Roku Prices IPO at $14, Spikes in Market Debut

Caleb Ford September 29, 2017
Roku Prices IPO at $14, Spikes in Market Debut

Roku Inc.’s sold 15.7 million shares at a better than expected $14 a piece ahead of its initial public offering (IPO), valuing the company, which made its debut on NASDAQ on Thursday, at $1.3 billion.

The video streaming platform trading debut has thrown it among the biggest gainers for newly listed technology and communications stocks as investors bet on the success of streaming video.

The shares closed at a high on its first day of trading at $23.50, up 68 percent from its $14-a-share initial public offering price. That surpassed MuleSoft Inc.’s first-day rise in March, making Roku the top first-day climber of 2017 for a U.S.-listed tech company with an IPO bigger than $50 million. Its first-day performance was the fifth best of the past three years.

The enthusiastic response to Roku’s $252-million initial public offering comes despite concerns the Los Gatos, California-based company is up against the world’s biggest technology giants, namely Amazon, Apple and Google.

Investors bought $219 million worth of Roku stock, with 15.7 million Roku shares selling for $14 each. They were initially marketed for $12 to $14 apiece. The company sold 9 million shares, while its biggest investor, Menlo Ventures, sold 6 million.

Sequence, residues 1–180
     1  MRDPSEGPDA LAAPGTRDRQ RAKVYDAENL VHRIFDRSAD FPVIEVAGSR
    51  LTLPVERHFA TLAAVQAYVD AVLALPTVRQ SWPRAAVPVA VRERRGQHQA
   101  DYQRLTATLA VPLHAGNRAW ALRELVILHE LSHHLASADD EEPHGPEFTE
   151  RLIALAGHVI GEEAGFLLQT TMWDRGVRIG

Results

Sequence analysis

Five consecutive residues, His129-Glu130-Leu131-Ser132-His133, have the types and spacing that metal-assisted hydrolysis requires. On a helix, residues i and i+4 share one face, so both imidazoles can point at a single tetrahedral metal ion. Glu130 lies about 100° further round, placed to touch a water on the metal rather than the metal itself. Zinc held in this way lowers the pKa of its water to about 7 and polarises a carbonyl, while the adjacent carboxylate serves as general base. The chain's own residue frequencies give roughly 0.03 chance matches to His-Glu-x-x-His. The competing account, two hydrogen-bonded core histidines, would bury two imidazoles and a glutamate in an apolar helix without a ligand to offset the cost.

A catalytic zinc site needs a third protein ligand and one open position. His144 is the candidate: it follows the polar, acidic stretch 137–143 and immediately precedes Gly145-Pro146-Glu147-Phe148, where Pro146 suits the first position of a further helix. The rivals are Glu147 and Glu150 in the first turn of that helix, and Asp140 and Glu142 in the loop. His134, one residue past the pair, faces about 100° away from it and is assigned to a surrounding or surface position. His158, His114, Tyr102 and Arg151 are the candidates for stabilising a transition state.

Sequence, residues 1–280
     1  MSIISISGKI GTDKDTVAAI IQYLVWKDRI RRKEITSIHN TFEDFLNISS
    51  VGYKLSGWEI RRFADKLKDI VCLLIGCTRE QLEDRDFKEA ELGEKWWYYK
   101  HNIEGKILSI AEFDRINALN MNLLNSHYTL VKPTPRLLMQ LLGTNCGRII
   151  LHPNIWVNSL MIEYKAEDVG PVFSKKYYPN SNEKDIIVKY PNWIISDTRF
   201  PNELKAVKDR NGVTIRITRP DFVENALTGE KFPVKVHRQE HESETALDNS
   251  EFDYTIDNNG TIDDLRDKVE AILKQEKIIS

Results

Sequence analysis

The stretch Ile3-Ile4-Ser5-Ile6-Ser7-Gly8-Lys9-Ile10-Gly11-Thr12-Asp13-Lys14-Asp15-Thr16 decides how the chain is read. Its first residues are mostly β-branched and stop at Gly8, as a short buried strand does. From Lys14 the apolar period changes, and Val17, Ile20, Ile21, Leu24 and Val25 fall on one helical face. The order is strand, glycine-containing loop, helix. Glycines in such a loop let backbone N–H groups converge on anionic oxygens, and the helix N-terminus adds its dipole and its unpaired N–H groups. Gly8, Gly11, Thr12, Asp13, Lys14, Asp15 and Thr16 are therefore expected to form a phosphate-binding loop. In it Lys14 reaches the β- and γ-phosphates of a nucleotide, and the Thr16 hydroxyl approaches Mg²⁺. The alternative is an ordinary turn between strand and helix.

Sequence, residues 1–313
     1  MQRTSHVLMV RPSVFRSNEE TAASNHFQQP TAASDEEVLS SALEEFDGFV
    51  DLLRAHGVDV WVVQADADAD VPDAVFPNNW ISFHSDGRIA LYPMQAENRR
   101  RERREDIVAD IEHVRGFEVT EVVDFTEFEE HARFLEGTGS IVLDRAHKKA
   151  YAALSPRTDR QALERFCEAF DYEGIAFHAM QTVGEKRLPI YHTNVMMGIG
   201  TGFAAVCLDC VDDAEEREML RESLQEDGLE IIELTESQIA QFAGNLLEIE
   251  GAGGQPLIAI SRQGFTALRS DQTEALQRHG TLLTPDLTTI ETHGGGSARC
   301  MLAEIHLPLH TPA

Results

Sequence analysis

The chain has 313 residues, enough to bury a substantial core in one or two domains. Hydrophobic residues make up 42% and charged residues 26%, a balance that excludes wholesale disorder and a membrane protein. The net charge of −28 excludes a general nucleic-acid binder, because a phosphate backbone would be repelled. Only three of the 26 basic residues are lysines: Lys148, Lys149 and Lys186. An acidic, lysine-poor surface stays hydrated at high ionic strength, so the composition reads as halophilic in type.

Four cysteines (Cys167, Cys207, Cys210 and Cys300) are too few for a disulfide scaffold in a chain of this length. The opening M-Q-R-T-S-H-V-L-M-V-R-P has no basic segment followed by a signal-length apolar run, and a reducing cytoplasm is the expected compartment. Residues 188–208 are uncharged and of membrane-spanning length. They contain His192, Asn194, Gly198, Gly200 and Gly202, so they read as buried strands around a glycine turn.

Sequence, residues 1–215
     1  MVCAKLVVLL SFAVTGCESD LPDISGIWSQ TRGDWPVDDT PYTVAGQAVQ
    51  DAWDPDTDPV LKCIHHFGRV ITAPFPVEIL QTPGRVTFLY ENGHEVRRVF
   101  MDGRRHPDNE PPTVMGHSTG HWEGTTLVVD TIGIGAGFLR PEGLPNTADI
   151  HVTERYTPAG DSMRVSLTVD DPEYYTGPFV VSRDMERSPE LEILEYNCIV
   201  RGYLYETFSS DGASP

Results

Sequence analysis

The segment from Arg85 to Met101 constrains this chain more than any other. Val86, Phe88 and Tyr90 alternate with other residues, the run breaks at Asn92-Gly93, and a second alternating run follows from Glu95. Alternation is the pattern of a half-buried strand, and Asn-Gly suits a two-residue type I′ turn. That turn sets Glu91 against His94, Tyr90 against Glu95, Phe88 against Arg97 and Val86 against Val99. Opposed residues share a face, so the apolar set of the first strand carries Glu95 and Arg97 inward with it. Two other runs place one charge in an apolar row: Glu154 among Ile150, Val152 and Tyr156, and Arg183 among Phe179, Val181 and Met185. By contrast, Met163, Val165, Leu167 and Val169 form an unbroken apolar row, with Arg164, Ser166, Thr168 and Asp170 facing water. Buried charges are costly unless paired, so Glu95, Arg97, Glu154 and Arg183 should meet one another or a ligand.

Roku’s first-day success on Thursday also reveals a continuing appetite for tech-related IPOs. Still, a strong debut hasn’t guaranteed continued gains for two of the year’s highest-profile listings.

Snapchat owner Snap Inc., which had the second-best first day for a tech IPO this year, is trading 15 percent below its $17 offer price in March. Online meal-kit delivery service Blue Apron Holdings Inc. closed at $5.59 a share on Thursday, 44 percent below its June debut.

Roku makes devices and software that allow users to stream video onto their televisions from sources such as Netflix Inc., Amazon.com Inc., and ESPN.

Roku, based in Los Gatos, California, was an early mover in what’s now a crowded market for home devices and streaming tools. Technology giants including Apple Inc., Alphabet Inc.’s Google and Amazon.com Inc. are now focusing intently on the space.


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Caleb Ford

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